Running Geek: You Can Run a Marathon

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Running-FordQuote
“Whether you believe that you can, or that you can’t, you are usually right,” Henry Ford.

I came across this great quote from Henry Ford in the middle of the woods during an 18 mile, four-hour trail run recently, and it really struck a chord with me. I am a firm believer that almost anyone can do a marathon. I don’t mean anyone can go out right this second and complete one, but I do believe that with some training, and the right amount of belief and willpower in one’s self, it is possible.

When I tell people that I’ve run a bunch of marathons and half-marathons and that I’m currently training for my first 50K trail race, they often think I’m crazy or say things like, “Wow, I could never do that.” I get where they are coming from, though, because I used to be exactly the same way.

Me in my natural habitat at age 13.
Me in my natural habitat at age 13.

A little background on me and running: up until about seven years ago, I was the opposite of what anyone would call a “runner.” In high school, I was the last kid to finish the mile–usually in the 13 to 14 minute range. And even then I was red-faced, out of breath, and felt like puking. Running and I were not friends–we were enemies. I vowed never to run unless I had to.

It should come as no surprise, then, that by the time I was 21–with no desire to do any real exercise, especially not running, and plenty of desire to sit in front of a computer as much as possible–I found myself looking at a scale that read “256” (I’m six feet even). But even that wasn’t enough to turn me around; it just made me stop using the scale. I’m not sure how much weight I gained after that, but I’m going to conservatively guess I made it to at least 265.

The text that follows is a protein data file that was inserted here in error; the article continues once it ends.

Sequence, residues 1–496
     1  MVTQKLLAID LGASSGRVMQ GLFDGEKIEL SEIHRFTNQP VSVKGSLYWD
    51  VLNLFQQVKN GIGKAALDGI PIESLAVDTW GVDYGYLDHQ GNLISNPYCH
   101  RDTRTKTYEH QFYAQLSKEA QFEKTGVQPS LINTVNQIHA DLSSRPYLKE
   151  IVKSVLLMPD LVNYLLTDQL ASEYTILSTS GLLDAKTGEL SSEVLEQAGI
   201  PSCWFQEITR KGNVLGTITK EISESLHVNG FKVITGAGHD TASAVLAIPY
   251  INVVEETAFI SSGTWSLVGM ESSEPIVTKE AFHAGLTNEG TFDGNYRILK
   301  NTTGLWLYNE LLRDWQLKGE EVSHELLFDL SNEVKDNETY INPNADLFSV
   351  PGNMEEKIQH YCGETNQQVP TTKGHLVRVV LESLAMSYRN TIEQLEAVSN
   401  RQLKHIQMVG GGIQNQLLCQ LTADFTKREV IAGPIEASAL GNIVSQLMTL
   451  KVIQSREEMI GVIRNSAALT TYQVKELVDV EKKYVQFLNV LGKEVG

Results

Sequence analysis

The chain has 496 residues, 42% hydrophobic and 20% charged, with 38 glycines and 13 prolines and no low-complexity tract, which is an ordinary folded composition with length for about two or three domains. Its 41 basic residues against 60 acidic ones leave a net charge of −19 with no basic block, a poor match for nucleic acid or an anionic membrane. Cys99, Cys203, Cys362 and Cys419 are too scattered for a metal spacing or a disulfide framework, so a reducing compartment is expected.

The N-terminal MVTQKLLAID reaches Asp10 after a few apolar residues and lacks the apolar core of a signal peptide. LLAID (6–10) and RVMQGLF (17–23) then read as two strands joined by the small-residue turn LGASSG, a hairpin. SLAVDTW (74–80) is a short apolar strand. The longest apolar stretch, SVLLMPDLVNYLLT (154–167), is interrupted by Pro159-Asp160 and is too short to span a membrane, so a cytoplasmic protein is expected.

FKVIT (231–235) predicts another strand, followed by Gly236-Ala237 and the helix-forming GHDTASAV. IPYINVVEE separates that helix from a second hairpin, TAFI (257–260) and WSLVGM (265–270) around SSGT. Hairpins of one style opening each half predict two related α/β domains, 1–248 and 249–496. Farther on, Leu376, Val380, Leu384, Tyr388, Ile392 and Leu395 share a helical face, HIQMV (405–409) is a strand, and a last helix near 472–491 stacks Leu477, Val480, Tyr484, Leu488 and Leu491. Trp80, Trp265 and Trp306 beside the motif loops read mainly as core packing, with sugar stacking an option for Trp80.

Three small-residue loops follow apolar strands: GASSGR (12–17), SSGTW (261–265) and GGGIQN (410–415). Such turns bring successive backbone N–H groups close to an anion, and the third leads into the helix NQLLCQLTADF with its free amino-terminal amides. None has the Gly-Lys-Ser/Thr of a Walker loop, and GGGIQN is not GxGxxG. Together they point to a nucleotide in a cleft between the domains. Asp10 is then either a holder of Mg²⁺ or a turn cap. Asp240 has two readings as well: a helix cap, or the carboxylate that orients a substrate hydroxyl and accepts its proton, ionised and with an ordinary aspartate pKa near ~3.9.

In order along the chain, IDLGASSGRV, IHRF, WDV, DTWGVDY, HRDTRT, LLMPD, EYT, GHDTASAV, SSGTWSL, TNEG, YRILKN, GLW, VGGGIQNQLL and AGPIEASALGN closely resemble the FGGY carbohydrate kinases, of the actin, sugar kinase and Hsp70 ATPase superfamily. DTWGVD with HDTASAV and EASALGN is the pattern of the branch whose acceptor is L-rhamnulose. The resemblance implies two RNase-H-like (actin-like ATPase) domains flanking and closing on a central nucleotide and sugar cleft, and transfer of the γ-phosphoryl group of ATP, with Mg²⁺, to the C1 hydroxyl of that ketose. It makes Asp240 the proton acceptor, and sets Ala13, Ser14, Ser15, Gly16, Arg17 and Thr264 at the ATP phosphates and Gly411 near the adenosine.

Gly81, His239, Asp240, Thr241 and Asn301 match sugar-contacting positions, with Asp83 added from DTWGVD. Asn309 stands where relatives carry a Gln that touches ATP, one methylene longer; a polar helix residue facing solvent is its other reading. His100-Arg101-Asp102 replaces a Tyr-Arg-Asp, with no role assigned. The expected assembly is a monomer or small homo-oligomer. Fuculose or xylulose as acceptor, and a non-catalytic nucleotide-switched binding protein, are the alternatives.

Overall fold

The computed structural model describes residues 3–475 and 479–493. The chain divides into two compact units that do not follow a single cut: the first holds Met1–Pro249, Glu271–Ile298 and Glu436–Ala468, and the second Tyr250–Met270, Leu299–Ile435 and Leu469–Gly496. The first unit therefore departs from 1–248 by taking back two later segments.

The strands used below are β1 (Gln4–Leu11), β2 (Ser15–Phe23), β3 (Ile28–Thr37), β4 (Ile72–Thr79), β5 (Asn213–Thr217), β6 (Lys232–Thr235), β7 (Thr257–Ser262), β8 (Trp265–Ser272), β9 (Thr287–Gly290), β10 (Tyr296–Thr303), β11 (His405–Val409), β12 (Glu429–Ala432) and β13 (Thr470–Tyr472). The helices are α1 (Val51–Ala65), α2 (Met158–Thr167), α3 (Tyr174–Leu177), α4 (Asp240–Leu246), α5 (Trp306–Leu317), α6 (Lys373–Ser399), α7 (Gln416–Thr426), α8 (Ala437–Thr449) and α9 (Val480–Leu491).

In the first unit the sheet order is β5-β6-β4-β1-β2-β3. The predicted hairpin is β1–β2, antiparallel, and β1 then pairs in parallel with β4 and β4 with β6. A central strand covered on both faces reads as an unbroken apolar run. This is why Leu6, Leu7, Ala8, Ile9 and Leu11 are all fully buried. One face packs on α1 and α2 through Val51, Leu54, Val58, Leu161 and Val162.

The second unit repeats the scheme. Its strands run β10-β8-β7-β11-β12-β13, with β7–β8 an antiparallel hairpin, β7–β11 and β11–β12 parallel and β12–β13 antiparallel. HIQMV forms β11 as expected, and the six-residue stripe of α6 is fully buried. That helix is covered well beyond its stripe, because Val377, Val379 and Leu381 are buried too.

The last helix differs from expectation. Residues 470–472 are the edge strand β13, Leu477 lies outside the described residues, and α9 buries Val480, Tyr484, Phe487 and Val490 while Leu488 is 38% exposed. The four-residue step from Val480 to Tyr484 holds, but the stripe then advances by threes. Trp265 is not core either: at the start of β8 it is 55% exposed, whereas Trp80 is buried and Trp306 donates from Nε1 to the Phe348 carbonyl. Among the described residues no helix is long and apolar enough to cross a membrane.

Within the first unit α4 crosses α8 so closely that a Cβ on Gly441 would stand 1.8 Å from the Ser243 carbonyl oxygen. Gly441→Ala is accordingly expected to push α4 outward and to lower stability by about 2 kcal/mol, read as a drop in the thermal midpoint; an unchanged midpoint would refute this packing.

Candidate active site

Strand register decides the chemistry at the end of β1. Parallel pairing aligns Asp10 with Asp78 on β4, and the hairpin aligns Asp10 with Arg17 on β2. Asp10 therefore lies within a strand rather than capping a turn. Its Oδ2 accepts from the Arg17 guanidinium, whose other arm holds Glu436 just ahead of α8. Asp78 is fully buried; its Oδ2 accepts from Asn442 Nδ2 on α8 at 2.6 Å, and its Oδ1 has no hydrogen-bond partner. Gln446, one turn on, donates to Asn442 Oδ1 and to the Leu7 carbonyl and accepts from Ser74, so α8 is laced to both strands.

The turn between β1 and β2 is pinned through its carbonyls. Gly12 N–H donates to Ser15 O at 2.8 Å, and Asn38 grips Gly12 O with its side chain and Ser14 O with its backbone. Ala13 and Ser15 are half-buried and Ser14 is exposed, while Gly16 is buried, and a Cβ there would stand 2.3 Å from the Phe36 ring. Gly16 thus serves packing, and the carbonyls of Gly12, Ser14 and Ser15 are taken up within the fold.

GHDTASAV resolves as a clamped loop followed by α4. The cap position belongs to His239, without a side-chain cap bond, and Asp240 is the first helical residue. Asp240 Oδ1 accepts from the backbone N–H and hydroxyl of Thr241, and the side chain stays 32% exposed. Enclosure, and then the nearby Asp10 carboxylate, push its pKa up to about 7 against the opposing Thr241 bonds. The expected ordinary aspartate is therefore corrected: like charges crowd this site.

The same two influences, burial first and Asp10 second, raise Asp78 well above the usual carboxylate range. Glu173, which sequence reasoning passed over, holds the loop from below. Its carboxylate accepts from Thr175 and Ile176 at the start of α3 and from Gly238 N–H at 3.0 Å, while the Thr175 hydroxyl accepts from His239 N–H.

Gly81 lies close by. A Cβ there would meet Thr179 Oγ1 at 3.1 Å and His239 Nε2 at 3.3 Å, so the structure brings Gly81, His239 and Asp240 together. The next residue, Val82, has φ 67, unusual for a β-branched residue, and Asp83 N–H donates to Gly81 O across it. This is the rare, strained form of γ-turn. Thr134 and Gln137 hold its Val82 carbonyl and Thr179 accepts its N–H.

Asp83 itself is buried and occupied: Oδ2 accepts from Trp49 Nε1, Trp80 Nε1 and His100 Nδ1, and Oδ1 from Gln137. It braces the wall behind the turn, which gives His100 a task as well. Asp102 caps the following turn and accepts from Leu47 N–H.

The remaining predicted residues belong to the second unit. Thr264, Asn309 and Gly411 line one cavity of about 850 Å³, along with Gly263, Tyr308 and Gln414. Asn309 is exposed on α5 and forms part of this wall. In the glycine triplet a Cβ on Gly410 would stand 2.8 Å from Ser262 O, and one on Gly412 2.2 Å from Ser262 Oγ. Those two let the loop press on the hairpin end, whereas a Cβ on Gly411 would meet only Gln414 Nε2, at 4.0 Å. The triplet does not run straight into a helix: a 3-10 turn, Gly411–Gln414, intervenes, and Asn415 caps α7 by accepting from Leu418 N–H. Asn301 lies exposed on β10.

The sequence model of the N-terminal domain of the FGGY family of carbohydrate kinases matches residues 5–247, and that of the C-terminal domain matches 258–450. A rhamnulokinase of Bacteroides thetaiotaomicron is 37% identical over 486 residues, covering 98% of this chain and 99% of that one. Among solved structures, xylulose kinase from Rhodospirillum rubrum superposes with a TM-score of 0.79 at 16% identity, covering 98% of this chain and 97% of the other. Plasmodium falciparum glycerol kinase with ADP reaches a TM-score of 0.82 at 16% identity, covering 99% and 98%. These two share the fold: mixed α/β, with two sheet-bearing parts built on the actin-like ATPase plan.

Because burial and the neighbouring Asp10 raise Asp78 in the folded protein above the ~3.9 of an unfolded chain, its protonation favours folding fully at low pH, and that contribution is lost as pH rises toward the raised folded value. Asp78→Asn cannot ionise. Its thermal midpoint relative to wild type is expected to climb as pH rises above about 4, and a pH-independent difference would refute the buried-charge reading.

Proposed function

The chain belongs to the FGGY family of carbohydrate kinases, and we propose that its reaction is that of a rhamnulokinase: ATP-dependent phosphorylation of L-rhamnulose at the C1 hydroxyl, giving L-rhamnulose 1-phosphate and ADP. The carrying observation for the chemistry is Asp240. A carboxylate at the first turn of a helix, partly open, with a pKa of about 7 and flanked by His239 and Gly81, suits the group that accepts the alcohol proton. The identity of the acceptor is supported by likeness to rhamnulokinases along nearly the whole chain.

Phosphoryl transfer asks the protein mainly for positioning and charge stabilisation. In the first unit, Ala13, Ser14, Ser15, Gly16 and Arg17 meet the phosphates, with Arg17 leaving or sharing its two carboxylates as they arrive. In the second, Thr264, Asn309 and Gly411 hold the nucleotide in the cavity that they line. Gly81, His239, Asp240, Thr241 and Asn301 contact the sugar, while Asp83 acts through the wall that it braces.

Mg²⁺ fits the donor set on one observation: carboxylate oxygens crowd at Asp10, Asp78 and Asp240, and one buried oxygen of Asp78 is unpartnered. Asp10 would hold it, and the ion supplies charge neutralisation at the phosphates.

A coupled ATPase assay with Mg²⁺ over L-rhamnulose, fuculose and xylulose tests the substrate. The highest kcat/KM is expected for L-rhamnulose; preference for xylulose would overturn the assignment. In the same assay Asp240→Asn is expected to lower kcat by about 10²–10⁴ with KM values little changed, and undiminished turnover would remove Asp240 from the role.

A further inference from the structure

I finally decided to do something about it, but I still refused to run. Through a combination of Pilates, starving myself, doing lots of DIY projects on my house, and Metabolife (yes, I took a ton of this crap and managed not to die) I shed a lot of weight very quickly without actually being healthy at all.

Another six years went by and I found myself, through a complete lack of effort on my part, in poor shape again with a lot of weight back on when a friend, also not a runner, told me that she was going to train for a marathon. I said the same things I often hear–“That’s crazy! Marathons are for athletes! I could never do that!” But, after 8 months of training, she finished her first marathon and loved the hell out of it.

Inspired by her success, I signed up for the same training group the following year. It was a huge turning point for me. I could run AND enjoy it. Maybe running and I weren’t enemies after all. Maybe we could become friends? I know a lot of people love the camaraderie that comes with running groups and races, and it can be motivating and inspiring, but I also learned to enjoy the solitude of running alone in a group of people–getting lost in those crowds, my breath and heart in my ears, I found and lost myself all at once.